ST. PAUL, Minn. (AP) -- Noxious weeds are proving an expensive and cumbersome adversary for Minnesota agricultural officials, who are ramping up eradication efforts of invasive plants that pose environmental or health worries.
In Duluth, Japanese knotweed has become a nuisance and prompted worry that it will crowd out food sources for waterfowl. In southern Minnesota, a woody vine called oriental bittersweet is spreading fast along the Mississippi River.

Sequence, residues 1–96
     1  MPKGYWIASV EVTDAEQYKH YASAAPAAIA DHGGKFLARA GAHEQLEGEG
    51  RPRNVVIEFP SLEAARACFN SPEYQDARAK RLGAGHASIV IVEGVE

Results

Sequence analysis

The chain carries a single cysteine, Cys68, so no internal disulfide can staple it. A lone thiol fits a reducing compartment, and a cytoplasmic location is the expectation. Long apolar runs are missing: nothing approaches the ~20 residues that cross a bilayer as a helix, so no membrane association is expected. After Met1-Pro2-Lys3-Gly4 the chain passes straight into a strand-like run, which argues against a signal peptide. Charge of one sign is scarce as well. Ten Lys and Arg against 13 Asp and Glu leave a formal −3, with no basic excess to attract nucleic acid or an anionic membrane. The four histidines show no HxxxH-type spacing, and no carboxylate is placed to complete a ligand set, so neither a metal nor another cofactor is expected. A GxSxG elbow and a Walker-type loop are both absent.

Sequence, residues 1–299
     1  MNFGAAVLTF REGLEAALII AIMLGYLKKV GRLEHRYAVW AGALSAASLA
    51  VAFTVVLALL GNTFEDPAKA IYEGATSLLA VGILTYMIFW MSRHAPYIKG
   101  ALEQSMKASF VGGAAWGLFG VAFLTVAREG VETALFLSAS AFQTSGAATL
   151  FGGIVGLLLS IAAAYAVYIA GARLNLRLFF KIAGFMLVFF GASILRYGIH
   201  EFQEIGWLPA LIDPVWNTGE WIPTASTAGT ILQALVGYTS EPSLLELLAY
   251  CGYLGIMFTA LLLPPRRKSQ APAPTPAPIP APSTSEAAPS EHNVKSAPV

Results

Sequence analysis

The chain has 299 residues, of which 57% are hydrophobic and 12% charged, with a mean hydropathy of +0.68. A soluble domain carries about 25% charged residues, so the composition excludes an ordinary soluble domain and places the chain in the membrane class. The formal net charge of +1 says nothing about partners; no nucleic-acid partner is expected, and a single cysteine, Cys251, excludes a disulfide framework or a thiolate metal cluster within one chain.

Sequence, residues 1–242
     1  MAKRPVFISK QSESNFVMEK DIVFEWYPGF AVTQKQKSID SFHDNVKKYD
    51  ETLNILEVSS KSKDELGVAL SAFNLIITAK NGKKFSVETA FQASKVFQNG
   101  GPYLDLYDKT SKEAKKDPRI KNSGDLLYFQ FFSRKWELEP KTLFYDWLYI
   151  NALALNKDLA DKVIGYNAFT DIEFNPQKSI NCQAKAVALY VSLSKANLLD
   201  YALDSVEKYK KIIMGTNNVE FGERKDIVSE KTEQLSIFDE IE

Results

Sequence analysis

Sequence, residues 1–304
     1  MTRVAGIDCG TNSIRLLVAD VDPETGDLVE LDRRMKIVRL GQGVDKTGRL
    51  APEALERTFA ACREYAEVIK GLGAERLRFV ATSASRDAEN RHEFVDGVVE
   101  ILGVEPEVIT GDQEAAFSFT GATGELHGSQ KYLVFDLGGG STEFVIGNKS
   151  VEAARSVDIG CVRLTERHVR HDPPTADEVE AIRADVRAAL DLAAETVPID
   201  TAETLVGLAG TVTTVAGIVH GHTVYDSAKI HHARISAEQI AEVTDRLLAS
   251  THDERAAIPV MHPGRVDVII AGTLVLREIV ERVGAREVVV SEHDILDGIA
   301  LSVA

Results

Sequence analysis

Minnesota Public Radio News reported Wednesday that a recent $350,000 state grant from the state's Environment and Natural Resources Trust Fund will help target weeds on an "eradicate list." They include oriental bittersweet, Dalmation toadflax, Cutleaf teasel, Japanese hops and Grecian foxglove.
It's a shift in focus because officials say that until now most funding has been geared toward enforcement and education.
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